Josh Marshall

Josh Marshall is editor and publisher of TalkingPointsMemo.com.

Articles by Josh

Rhode Island is getting used to its top TV station being owned by right-wing broadcast conglomerate Sinclair Broadcasting. That means WJAR must run regular segments from Trumper Boris Epshteyn, now rebranded as Sinclair’s chief political analyst in addition to a daily Terrorism Alert Desk, “advertised as a daily news update about terrorist activity” even when there’s no terrorism happening.

I strongly recommend you read this reply from George Packer to Ta-Nehisi Coates’ essay in The Atlantic. There’s an undeniable personal edge to this reply since Coates took Packer to task by name and called him to account for infidelity toward ideals which are central to any progressive and humane vision of America’s future. But I think he captures key things that are missing in Coates’ recent writing.

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TPM Reader PB reads some tea leaves about Google …

Recently I was at an industry round table which included many of the tech players. We are all being affected by certain decisions made by Google and more importantly so are Internet users.

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It now seems clear that the massive data breach at Equifax was caused not simply by aggressive hackers but by clear and potentially negligent security errors by Equifax itself. But fundamentally, this isn’t a security problem. It’s a market failure and a legal and regulatory failure.

There are many businesses in which the cost and assumed liability of taking possession of certain goods – real or intellectual – is quite high. Indeed, that is often a major part of the business model itself – they are paid to take on that liability. Some extreme examples are transporting dangerous or volatile chemicals. This may be the biggest personal data security breach yet. But breaches that are nonetheless quite large happen basically all the time and the costs to the company are usually negligible. Yes, there’s a big PR hit and there’s usually some fine. But the costs in fraud and disruption in the lives of affected consumers totally dwarfs the financial cost to the company. On the most basic measure, the costs are not great enough to prevent companies like Equifax from making really basic mistakes like failing to install new security patches in a timely manner. It’s a cost of doing business.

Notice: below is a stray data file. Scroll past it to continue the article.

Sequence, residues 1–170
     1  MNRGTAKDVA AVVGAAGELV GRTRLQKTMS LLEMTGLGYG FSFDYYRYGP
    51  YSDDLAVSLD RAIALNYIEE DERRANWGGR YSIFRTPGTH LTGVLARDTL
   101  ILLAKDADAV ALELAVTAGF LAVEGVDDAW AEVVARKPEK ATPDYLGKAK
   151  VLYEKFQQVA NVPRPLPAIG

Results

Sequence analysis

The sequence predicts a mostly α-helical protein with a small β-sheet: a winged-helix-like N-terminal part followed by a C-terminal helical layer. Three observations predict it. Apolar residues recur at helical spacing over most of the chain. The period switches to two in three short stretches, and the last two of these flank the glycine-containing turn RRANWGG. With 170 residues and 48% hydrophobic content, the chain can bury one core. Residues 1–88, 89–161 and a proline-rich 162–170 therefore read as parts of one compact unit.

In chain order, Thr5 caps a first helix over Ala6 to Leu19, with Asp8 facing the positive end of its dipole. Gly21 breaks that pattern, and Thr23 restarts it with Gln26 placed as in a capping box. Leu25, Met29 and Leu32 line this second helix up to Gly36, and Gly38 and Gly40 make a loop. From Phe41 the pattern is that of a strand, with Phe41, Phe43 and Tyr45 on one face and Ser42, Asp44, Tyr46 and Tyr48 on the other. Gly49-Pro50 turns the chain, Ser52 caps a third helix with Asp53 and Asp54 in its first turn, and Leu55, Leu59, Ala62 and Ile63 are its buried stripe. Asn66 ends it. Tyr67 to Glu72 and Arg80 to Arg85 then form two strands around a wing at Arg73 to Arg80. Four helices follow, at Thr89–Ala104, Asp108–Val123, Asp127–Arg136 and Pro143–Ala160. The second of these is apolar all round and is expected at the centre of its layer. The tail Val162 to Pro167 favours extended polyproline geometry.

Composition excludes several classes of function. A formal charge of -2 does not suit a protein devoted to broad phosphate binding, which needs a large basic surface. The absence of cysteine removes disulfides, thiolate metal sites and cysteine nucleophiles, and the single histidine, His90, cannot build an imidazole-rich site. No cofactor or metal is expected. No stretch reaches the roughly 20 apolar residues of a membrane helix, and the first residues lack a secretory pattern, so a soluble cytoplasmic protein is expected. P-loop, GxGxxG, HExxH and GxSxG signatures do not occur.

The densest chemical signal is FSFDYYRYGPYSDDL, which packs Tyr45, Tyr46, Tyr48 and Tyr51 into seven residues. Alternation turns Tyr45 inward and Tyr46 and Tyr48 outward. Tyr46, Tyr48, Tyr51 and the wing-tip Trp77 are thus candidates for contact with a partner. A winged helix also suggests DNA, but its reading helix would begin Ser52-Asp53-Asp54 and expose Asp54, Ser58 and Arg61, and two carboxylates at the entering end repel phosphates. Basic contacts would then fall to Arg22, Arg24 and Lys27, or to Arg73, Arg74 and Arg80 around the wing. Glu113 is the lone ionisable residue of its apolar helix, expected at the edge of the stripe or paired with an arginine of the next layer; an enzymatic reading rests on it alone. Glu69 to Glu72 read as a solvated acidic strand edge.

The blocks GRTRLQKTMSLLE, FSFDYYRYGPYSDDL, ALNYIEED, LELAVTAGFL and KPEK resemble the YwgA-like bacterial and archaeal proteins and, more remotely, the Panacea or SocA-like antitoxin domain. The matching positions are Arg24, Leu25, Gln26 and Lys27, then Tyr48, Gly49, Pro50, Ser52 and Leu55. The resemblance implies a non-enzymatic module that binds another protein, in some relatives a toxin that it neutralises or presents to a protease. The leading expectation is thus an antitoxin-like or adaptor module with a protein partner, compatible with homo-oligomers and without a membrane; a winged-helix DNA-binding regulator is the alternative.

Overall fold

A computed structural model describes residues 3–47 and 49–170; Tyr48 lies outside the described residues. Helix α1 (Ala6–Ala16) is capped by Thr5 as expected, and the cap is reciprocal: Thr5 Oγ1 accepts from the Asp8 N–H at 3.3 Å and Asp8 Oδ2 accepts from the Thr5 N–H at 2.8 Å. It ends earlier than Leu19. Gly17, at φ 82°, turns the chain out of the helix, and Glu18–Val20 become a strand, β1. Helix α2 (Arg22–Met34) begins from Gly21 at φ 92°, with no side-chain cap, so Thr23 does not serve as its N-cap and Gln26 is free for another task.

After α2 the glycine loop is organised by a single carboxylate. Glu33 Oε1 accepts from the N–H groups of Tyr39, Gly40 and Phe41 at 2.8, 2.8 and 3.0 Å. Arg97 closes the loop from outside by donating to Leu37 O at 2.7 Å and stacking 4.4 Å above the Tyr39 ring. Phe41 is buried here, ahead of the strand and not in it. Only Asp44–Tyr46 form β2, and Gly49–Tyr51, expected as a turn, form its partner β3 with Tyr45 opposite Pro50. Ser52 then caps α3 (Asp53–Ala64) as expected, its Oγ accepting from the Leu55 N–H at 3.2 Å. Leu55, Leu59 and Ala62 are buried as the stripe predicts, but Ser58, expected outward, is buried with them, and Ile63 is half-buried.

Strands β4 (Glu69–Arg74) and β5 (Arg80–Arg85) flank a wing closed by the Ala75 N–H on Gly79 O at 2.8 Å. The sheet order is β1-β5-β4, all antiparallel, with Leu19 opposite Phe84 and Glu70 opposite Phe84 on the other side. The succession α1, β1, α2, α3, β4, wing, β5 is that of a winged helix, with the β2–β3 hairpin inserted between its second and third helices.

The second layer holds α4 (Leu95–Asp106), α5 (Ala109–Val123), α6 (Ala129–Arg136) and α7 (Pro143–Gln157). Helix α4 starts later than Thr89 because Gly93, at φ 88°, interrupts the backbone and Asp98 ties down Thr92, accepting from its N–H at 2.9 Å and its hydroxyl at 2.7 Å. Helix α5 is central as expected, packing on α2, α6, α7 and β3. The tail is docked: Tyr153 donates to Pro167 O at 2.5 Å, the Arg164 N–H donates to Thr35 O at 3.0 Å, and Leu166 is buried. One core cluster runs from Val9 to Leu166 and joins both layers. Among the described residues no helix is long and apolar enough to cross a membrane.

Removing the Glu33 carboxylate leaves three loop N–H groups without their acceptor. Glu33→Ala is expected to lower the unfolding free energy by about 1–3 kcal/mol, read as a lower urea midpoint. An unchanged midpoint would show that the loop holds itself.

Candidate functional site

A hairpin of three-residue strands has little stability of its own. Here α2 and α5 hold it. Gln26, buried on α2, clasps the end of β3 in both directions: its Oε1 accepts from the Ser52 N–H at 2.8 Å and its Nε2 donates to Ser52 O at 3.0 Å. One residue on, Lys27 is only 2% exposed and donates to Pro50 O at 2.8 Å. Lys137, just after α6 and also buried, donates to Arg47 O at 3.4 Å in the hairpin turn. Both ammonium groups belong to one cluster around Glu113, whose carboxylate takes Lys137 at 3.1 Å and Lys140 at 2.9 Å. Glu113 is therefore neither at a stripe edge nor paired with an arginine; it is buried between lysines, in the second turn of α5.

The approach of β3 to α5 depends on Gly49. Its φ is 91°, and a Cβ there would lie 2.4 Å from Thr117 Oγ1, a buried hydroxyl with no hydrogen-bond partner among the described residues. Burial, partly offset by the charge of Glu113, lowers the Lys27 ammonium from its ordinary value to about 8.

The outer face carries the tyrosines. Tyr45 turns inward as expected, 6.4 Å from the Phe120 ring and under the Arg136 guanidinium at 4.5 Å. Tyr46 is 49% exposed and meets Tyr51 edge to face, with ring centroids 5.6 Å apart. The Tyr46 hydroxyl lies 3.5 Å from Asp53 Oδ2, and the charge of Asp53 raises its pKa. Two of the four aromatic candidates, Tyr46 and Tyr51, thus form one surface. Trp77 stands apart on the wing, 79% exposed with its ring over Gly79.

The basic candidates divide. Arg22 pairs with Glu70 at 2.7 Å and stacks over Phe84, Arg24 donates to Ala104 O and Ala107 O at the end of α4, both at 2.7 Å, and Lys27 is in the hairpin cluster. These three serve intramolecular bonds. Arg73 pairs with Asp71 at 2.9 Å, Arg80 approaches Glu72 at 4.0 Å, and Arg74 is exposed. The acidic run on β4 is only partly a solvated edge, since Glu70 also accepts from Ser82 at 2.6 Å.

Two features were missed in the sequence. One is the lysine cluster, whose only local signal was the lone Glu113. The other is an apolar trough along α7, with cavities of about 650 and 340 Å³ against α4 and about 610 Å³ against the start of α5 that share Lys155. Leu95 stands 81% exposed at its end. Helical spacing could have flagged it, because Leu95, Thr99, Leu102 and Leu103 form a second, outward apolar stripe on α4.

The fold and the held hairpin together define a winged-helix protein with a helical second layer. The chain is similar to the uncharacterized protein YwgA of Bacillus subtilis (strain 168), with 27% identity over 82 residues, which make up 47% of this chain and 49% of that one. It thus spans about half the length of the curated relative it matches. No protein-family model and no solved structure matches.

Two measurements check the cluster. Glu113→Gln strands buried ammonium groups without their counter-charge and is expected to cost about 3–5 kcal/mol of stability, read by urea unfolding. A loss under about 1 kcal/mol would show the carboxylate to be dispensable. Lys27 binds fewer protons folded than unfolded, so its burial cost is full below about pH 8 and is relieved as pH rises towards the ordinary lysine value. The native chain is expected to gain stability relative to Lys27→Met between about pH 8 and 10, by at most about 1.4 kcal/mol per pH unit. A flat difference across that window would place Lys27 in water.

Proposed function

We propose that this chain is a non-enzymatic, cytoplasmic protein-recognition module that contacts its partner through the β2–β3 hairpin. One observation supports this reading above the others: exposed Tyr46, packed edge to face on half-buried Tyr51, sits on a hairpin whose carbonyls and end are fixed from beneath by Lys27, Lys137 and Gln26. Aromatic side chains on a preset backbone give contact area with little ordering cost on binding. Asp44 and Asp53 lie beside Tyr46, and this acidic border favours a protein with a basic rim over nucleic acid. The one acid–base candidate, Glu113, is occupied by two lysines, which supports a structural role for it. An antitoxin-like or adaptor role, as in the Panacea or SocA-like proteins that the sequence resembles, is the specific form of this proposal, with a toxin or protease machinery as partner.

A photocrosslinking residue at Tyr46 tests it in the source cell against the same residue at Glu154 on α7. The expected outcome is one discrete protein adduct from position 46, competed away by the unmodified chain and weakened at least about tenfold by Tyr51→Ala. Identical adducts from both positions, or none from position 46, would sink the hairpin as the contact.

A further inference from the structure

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It hasn’t been the best 24 hours for Harvard University. You’ve probably heard that Harvard managed to piss almost everyone off by first extending and then rescinding a fellowship appointment to Chelsea Manning. But you may or may not have seen this article in the Times about a woman named Michelle Jones.

It is a fascinating and powerful story on many levels. Jones, now 45, just finished a 20 year stint in prison for killing her 4-year old son. It’s not entirely clear to me from the story – and I sense it was never entirely clear – whether Jones intentionally killed her son in a discreet act of violence or whether he died from some combination of physical beatings and neglect. Regardless, the ghastliness of the crime is not in dispute. Jones was originally sentenced to 50 years in prison and was released after 20 years for good behavior.

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On Air Force One a short time ago, President Trump doubled down on his ‘many sides’ talk about Charlottesville. The exchange was specifically about Trump’s meeting yesterday with Sen. Tim Scott of South Carolina, the only African-American Republican in Senate.

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This may go without saying for some. But I do not think that Democrats are giving Trump some help or throwing him a lifeline at the price of accomplishing something really critical in policy terms – protecting the Dreamers. I think that gets this exactly wrong. I think pressing Trump for this deal is doing immense damage to Trump. Indeed, the more successful it is, the greater the damage. 

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